Diesel mechanic apprenticeships are educational and training experiences, although they can sometimes be entry-level positions. Apprenticeships allow beginning mechanics to learn from journey-level mechanics how to inspect, repair, and maintain diesel engines.
Apprenticeships mean different things to different companies. In some cases, apprentices are truly beginners. Over the course of three or four years, they train and learn new skills by assisting experienced mechanics. They start by doing simple engine repairs and helping mechanics move heavy objects. As their skills progress, they are given more difficult tasks.
Some companies hire diesel mechanic apprentices as entry-level workers. These workers usually have an associates degree in diesel mechanics, along with a year’s experience in the field. They are able to handle complicated work from the first day of hire.
Diesel mechanic apprenticeships are hard to come by. Most companies that hire apprentices go through technical schools that offer job placement services. Manufacturers and dealerships are the most likely employers to have apprenticeship programs. Local shops sometimes post job openings for helpers. Networking with other people in the field is important, as contacts can often give workers a heads-up when apprenticeship opportunities arise.
Workers who plan to maintain a diesel truck fleet will need a special driver’s license to test-drive the trucks and move them from place to place. The type of license required — CDL-A (class A) or CDL-B (class B) — depends on the type of trucks in the fleet.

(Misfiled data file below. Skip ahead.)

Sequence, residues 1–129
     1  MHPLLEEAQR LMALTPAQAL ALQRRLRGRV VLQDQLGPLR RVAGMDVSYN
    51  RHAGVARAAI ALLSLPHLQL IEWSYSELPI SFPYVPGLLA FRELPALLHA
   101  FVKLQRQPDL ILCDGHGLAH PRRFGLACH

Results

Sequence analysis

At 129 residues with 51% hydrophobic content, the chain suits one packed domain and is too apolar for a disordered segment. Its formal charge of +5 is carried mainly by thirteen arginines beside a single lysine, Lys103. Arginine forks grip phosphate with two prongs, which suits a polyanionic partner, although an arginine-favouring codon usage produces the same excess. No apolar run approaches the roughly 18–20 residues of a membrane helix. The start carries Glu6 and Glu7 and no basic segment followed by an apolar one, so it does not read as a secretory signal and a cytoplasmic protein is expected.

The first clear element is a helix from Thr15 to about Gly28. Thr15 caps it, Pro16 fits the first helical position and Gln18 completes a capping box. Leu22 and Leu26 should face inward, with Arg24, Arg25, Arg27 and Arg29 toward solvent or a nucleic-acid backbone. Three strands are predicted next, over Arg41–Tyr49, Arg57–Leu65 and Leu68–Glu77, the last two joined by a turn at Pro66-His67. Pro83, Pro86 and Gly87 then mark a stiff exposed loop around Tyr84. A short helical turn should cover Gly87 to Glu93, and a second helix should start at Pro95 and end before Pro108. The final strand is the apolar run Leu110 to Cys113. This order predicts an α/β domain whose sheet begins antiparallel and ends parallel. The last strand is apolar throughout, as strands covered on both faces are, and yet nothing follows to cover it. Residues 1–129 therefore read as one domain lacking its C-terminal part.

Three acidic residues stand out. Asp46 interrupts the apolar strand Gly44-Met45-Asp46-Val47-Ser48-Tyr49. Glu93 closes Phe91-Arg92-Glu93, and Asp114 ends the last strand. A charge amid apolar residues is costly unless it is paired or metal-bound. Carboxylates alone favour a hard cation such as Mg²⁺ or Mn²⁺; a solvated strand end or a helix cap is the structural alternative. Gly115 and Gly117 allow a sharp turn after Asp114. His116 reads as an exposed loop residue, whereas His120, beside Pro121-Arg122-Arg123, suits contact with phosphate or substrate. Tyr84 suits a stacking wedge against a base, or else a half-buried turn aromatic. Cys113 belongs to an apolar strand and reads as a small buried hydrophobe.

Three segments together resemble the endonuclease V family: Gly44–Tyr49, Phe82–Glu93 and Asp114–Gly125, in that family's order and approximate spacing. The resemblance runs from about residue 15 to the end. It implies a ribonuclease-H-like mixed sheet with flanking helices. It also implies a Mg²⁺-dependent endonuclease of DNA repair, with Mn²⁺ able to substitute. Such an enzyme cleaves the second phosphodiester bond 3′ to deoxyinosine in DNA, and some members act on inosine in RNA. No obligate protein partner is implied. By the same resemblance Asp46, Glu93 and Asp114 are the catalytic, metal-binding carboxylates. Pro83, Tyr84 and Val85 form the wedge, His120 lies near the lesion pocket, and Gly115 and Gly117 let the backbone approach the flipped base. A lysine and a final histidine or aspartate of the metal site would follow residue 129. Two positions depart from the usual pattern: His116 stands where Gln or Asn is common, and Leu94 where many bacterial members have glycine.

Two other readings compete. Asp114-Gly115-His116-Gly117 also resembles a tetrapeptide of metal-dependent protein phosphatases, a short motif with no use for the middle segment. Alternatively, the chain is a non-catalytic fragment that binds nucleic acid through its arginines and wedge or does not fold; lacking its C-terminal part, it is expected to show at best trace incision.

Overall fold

Corporate Apprentice Programs
Large companies, like Union Pacific and Schneider National, offer apprenticeships that provide classroom training as well as hands-on experience. The instructors are master mechanics with the company or manufacturer.
Some diesel mechanics start their careers through a trade school and some start as a mechanics helper. Either way, a diesel mechanic apprenticeship is a good way to gain experience and learn the skills necessary for a successful career. The job requires workers to be in good physical shape, as it usually requires mechanics to crawl on or under equipment and machinery. Most companies that hire diesel mechanic apprentices require them to be at least 18 years old with a high school diploma. And like most other employees, they are generally required to pass drug testing and criminal background checks.
Diesel mechanics are highly skilled laborers who typically earn good salaries and benefits. The United States Department of Labor expects job opportunities to be very good for diesel mechanics with formal training. Many states have diesel mechanic schools, both on-campus and online. A simple browser search on the Internet will produce a number of results for accredited mechanic schools in each state. Visit Mechanic Schools online for more information.